When someone became king in Israel, a priest would pour oil on that man’s head and he would then be known as the Lord’s “anointed.” The Hebrew word for “anointed” is “messiah.” So this is the story of two messiahs, Saul and David. When I started this Bible reading plan, I mentioned I would be following the Hebrew structure, in which books like 1 and 2 Samuel are actually one book. Here are a few of my observations from the books of Samuel
Notice the Contrasts
In order to understand the message of Samuel, it seems to me, you must constantly be looking for the contrasts throughout the story. In fact, the second verse of the book mentions a contrast, “Peninnah had children, but Hannah had no children.”
The next major contrast is between Eli and Samuel. Because Eli’s sons are horribly wicked and Eli does not restrain them, the Lord tells him, “I will raise up for myself a faithful priest, who shall do according to what is in my heart and in my mind. And I will build him a sure house, and he shall go in and out before my anointed forever.”
But the primary contrast is between David and Saul. When we first meet both men, they are taking care of their fathers’ animals. However, Saul has lost his father’s donkeys and cannot find them, while David fends off a lion and a bear to protects his father’s flock. Saul is a coward who hides in the luggage, but David is a warrior who fights giants. In fact, a song of contrast is mentioned several times, “Saul has struck down his thousands, and David his ten thousands.”
Notice the Comparisons
There are also several subtle, and not so subtle, comparisons throughout the story. One of the obvious comparisons is that Israel wants to be just like the other nations. The thing that is supposed to set Israel apart is that the Lord is their warrior King. He fights their battles for them, but the people of Israel say they want to “be like all the nations, and that our king may judge us and go out before us and fight our battles.” Saul becomes another living example of corrupt human kings.
Saul is also compared to earlier judges of Israel. For example, Saul makes a rash vow, like Jephthah, promising to kill anyone who eats anything before he has had victory over his enemies. Unfortunately, Saul’s son Jonathan ate some honey, so Saul swore to keep his promise and kill his son. Thankfully, the godly people of Israel redeemed Jonathan’s life so he was not put to death.
Two Messiahs, Two Kingdoms
Throughout most of the first volume, there are two anointed kings in Israel. There is Saul, a man after the people’s own heart. And there is David, a man after God’s own heart. Or to put it another way, Saul’s kingdom is an earthly reign, but David’s kingdom is a heavenly reign. When David was at his best, we got just a small taste of what it might be like for the Lord God to truly reign through a “messiah.”
These two kingdoms existed side-by-side for many years. The messiah after God’s own heart gathered to himself, “everyone who was in distress, and everyone who was in debt, and everyone who was bitter in soul.” But Saul persecuted David unrelentingly. Surprisingly, in submissive humility, David would not raise his hand against Saul, because Saul had also been anointed by the Lord to serve a purpose.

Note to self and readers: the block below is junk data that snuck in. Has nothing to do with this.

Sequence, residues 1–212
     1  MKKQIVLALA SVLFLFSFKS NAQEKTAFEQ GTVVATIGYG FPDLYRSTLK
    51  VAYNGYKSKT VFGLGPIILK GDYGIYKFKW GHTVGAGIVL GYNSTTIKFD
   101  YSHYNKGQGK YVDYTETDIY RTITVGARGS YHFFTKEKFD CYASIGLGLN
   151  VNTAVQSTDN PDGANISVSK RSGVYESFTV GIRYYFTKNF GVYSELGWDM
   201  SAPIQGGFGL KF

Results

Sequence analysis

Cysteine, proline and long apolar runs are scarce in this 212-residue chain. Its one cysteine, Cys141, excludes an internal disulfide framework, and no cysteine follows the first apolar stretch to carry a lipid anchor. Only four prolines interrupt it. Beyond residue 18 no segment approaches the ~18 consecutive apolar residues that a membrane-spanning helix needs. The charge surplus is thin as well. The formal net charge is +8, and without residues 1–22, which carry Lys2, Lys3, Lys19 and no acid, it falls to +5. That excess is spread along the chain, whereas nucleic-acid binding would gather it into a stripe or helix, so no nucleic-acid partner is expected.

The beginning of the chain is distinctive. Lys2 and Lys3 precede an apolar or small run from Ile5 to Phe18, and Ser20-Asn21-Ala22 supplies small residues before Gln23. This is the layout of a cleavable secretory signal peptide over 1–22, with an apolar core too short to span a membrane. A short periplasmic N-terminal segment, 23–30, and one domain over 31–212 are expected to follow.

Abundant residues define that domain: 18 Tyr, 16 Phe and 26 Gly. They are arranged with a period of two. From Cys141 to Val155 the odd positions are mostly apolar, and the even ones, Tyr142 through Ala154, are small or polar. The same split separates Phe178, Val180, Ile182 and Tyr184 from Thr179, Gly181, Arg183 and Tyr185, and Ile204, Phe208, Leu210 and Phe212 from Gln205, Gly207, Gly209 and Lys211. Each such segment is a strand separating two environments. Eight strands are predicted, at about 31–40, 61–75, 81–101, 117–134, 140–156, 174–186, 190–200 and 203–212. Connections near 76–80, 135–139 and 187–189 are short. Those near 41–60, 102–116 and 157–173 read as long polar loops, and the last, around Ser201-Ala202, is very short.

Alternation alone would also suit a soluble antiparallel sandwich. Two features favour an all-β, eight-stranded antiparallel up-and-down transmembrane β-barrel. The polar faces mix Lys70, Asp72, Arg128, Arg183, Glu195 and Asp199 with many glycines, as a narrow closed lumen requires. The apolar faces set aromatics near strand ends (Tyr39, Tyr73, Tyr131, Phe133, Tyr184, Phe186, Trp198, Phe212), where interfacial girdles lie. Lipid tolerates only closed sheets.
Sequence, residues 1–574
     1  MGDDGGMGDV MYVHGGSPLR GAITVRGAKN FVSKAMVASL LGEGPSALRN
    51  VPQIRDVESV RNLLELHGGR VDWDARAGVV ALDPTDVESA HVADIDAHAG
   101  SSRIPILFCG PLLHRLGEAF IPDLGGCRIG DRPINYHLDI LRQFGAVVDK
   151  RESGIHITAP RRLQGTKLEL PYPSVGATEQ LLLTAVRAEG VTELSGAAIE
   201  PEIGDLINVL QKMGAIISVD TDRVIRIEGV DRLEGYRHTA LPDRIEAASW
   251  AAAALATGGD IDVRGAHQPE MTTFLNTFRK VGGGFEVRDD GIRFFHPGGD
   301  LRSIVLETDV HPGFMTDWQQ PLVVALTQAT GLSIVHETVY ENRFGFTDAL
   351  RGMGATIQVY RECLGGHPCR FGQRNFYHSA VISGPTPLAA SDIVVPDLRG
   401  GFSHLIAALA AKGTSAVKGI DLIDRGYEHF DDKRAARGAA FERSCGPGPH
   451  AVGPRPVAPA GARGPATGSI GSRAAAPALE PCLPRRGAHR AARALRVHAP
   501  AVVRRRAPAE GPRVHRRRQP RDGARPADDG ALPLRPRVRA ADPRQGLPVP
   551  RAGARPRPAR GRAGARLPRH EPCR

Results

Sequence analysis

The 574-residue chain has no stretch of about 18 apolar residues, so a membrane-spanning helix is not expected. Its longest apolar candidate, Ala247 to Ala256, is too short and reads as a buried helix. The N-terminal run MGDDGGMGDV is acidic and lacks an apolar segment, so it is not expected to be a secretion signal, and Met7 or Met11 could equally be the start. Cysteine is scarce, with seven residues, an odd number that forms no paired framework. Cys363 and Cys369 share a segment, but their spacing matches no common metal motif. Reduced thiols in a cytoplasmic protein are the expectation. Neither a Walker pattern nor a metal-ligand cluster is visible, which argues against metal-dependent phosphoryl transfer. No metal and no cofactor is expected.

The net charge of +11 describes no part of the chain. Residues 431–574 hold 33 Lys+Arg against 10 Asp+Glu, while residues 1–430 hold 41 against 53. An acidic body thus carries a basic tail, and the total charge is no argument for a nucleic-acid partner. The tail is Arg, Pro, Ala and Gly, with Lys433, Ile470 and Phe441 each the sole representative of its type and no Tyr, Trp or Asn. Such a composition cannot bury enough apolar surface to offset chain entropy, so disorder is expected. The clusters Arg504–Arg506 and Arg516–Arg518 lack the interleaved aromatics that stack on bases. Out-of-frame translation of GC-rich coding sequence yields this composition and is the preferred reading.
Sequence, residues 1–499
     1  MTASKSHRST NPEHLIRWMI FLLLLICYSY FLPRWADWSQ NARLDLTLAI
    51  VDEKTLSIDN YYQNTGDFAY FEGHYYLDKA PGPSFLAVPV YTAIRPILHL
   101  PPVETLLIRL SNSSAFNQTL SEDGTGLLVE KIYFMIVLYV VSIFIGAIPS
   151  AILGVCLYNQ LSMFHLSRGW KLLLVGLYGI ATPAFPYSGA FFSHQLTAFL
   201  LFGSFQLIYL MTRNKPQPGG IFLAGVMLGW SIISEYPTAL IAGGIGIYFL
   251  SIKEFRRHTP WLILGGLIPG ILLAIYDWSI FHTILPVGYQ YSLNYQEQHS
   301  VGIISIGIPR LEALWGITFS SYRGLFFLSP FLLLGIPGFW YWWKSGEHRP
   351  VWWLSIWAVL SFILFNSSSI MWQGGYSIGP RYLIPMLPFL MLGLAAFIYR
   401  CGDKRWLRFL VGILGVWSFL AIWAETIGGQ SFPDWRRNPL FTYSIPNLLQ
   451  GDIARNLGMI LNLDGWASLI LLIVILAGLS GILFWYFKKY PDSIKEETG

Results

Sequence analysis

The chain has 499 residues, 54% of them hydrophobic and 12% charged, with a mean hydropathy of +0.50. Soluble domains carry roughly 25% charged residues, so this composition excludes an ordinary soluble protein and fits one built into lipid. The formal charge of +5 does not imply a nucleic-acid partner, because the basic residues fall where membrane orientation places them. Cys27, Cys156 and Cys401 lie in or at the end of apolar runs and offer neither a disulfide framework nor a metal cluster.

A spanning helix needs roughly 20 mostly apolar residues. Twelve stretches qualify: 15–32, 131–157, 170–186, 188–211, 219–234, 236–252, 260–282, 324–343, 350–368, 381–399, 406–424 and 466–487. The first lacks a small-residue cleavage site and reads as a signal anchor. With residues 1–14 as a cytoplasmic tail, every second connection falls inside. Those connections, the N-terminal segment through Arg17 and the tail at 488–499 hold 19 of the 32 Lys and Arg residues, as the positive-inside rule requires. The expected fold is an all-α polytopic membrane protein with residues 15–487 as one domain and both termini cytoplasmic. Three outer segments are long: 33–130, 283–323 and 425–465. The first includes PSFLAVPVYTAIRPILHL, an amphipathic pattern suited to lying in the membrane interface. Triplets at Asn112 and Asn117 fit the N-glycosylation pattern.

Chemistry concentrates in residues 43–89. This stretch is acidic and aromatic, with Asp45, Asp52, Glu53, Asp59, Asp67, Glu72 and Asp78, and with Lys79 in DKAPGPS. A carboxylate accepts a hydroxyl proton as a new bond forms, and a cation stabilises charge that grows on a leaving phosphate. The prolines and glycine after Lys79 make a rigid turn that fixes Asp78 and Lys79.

The Beginning of the End
Sadly, even David was not the perfect messiah. He was probably as close as any man ever came, but he gave into temptation. In the weakness of his flesh, he lusted, fornicated, murdered, enslaved, and trusted in the strength of chariots and armies. In the end, David turned out to be somewhat like other human kings; and in his lifetime we already see the cracks starting to form in Israel. We begin to see some of the things which will eventually lead to Israel’s exile.
Yet David gave us a tiny glimpse of what it might be like for the Lord to reign over the earth through a man. His strength makes us say, “Perhaps there is a human who could do the job,” but his weakness makes us say, “No, the only one who can reign is the Lord.” It turns out, of course, both of those sentiments are correct.
To me, the implications of this story are incredibly important. We live in a time when there are two kingdoms. There is the kingdom of the earth (which has countless manifestations around the globe) and then there is the kingdom of heaven. Though the kingdom of earth has been anointed by God to carry out a task in the world (Romans 13:1-7), that ought not to be the kingdom to which God’s people give their allegiance.
God has anointed His own Son to be the Messiah of the whole world. The Lord God is reigning through a divine human being, who is the first a new creation. We are the people in distress and debt and bitter in soul, who have been gathered to Him. Like David, and like our own King, we humbly submit to earthly rulers and refuse to raise our hand against them in rebellion, but our allegiance is to heaven’s King and our citizenship is in the heavenly kingdom.
As we wait for the reign of human kingdoms to come to an end, we patiently endure and we sing to the Lord, “Your kingdom is an everlasting kingdom, and your dominion endures throughout all generations” (Psalm 145:13).
I love you and God loves you,